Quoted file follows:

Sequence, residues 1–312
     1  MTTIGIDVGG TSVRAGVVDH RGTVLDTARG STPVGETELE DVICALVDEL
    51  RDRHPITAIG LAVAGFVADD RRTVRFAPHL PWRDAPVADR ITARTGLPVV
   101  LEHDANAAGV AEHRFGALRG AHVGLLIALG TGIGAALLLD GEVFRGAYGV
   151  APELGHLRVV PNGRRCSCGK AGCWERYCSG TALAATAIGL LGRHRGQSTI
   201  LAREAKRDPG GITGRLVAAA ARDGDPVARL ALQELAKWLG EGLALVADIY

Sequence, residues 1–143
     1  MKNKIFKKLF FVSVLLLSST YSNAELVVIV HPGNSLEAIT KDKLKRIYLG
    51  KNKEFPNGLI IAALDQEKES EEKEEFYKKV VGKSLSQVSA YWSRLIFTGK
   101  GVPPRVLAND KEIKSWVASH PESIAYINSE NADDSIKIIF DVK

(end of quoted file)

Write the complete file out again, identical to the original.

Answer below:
Sequence, residues 1–312
     1  MTTIGIDVGG TSVRAGVVDH RGTVLDTARG STPVGETELE DVICALVDEL
    51  RDRHPITAIG LAVAGFVADD RRTVRFAPHL PWRDAPVADR ITARTGLPVV
   101  LEHDANAAGV AEHRFGALRG AHVGLLIALG TGIGAALLLD GEVFRGAYGV
   151  APELGHLRVV PNGRRCSCGK AGCWERYCSG TALAATAIGL LGRHRGQSTI
   201  LAREAKRDPG GITGRLVAAA ARDGDPVARL ALQELAKWLG EGLALVADIY

Sequence, residues 1–143
     1  MKNKIFKKLF FVSVLLLSST YSNAELVVIV HPGNSLEAIT KDKLKRIYLG
    51  KNKEFPNGLI IAALDQEKES EEKEEFYKKV VGKSLSQVSA YWSRLIFTGK
   101  GVPPRVLAND KEIKSWVASH PESIAYINSE NADDSIKIIF DVK